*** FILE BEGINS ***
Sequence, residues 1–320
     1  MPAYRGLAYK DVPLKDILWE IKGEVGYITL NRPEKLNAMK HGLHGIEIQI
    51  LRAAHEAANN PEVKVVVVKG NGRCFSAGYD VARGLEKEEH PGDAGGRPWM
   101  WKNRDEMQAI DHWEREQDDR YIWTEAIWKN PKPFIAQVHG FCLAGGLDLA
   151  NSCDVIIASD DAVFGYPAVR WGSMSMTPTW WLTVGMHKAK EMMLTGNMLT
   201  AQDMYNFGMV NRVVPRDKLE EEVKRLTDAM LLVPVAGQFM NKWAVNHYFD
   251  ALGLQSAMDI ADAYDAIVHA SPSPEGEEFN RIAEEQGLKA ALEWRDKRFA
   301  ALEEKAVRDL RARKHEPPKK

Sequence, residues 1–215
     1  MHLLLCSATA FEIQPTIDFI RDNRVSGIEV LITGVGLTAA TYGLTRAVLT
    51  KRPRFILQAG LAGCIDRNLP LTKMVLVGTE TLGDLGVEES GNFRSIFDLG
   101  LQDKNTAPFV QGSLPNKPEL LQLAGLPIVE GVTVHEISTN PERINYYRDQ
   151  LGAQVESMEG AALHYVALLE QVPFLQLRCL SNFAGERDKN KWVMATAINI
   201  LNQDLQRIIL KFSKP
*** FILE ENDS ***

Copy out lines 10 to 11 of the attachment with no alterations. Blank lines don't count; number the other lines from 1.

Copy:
     1  MHLLLCSATA FEIQPTIDFI RDNRVSGIEV LITGVGLTAA TYGLTRAVLT
    51  KRPRFILQAG LAGCIDRNLP LTKMVLVGTE TLGDLGVEES GNFRSIFDLG